Digging through my scrap wood collection, I came across some pieces of pegboard from our previous home that I had forgotten about.
I had just relocated a lot of garden tools to the shed, and there was an empty wall in the garage that would now be perfect for the pegboard.
After mounting the pegboard and hanging up some tools, the wall still looked a little empty. I had a vision of mounting a heavy duty folding workbench to the wall.
This was the perfect location, and if the workbench folded, we could still fit the car in the garage.
Moreover, I was also in desperate need of a good workbench. I had been using the driveway and garage floor for all my projects.
The lack of a completely flat and level surface made projects more difficult. So I embarked on this bucket list project of building my own folding workbench.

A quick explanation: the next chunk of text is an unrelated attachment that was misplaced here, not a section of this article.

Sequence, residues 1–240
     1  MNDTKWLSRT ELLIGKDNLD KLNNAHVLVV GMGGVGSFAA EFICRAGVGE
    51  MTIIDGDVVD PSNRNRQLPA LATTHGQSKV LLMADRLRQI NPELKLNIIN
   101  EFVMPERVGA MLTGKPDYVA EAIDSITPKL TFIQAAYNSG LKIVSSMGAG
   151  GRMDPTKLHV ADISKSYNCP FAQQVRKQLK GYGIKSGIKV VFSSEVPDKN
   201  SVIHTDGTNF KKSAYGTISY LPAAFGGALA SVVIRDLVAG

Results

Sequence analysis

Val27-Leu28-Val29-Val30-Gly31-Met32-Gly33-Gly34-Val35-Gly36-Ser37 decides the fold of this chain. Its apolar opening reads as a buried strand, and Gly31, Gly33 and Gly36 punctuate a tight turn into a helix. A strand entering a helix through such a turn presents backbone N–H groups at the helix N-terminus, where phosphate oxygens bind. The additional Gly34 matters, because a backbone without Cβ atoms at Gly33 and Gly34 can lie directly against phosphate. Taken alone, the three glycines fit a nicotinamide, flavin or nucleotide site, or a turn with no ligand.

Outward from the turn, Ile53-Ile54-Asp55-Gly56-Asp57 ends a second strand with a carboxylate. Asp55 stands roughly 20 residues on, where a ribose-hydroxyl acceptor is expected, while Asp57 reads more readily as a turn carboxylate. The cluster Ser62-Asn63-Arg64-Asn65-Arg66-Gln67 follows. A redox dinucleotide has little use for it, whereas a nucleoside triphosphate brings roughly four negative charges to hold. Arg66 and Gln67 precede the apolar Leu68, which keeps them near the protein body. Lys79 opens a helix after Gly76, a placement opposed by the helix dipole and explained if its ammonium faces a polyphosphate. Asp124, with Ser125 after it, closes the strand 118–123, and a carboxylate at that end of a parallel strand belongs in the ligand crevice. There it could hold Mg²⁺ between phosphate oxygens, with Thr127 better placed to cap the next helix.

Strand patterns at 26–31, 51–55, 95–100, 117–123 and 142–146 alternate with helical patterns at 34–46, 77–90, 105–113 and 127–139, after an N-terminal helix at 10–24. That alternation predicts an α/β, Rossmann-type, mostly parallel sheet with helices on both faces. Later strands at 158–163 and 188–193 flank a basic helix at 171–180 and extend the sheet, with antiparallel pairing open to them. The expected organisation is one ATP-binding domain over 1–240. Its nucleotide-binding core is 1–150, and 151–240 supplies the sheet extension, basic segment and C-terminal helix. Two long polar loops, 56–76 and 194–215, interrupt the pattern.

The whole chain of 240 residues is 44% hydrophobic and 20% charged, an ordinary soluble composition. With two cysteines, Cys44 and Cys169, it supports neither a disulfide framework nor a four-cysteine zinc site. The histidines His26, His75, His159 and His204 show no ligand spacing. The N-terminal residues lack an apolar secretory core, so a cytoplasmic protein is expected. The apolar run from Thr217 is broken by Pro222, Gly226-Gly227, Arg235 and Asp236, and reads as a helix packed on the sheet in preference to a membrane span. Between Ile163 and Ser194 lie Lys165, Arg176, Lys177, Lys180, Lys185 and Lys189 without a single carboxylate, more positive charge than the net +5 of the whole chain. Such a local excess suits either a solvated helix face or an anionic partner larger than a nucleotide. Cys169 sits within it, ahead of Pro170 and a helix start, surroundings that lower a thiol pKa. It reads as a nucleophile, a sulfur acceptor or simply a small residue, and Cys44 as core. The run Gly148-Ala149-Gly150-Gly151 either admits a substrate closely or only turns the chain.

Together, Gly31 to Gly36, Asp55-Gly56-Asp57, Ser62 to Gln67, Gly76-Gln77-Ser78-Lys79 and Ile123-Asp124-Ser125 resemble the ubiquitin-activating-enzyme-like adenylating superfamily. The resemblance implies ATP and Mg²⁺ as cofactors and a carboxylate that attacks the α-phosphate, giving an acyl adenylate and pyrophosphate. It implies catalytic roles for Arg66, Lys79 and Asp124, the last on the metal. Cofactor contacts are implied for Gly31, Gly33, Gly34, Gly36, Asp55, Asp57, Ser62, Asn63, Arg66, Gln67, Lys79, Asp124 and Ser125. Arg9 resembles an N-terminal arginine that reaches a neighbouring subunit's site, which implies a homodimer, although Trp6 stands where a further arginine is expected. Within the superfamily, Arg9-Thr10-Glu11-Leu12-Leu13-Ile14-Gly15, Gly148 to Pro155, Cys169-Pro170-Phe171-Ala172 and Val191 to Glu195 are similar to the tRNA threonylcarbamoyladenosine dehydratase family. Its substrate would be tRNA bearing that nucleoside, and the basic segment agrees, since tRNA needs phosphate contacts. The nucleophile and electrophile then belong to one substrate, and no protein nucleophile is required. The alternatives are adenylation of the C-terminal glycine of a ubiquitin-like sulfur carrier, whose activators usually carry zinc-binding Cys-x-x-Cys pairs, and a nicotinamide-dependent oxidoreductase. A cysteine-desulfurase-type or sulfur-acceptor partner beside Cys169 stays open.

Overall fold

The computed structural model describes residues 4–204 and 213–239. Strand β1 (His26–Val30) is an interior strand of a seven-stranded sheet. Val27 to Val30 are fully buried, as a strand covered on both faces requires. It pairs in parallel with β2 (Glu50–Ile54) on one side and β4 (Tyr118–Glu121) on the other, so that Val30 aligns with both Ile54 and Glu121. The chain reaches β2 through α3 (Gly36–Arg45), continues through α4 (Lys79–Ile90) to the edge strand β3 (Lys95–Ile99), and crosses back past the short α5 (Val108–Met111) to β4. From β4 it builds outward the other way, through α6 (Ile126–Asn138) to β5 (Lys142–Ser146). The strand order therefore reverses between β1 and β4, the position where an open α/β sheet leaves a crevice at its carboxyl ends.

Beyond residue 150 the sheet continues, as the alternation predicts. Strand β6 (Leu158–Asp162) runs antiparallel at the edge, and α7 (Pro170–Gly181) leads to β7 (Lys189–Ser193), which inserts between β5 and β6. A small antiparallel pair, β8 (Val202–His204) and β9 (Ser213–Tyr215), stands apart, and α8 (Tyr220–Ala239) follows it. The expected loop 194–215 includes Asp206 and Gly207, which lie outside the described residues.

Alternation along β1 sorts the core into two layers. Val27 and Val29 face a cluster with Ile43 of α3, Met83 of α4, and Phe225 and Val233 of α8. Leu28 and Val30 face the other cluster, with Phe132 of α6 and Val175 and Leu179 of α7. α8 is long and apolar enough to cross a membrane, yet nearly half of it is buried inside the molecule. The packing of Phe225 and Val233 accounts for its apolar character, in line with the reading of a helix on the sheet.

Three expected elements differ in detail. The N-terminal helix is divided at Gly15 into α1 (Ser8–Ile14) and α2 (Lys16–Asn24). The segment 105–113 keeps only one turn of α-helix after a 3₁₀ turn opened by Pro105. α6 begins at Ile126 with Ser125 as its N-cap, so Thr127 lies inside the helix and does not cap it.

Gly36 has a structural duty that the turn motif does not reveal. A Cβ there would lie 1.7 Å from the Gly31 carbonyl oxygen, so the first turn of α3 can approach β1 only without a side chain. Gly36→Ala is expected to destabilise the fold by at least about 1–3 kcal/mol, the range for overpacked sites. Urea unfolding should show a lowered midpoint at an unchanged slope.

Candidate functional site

Installing the Pegboard
First off, the pegboard needed to be installed. I had to create a slight gap between the wall and the board to allow the hooks to be inserted.
I used some scrap 1 x 3 wood left over from a prior project to create the gap.
Using my table saw, I cut the wood in half lengthwise to make 1 x 1.5 strips and screwed them to the studs behind the drywall.
Here’s a picture of the wall showing the mounted strips:
Then I hoisted up each 2 x 8 pegboard sheet and screwed them into the wood strips, using washers to secure the board. It all just seemed too simple, and I needed more of a challenge.
After, I hoisted up each 2 x 8 pegboard sheet and screwed them into the wood strips, using washers to secure the board. It all just seemed too simple, and I needed more of a challenge.
I then remembered some French cleat shelves I recently built in between the two garage doors (post to come soon!). They were portable shelves that could be removed from the wall by simply lifting. At the same time, they were very sturdily mounted.
So I quickly made 4 shallow box shelves and rigged up a French cleat system for them.
Here’s a picture of the shelves, along with the pegboard and my fancy tool collection: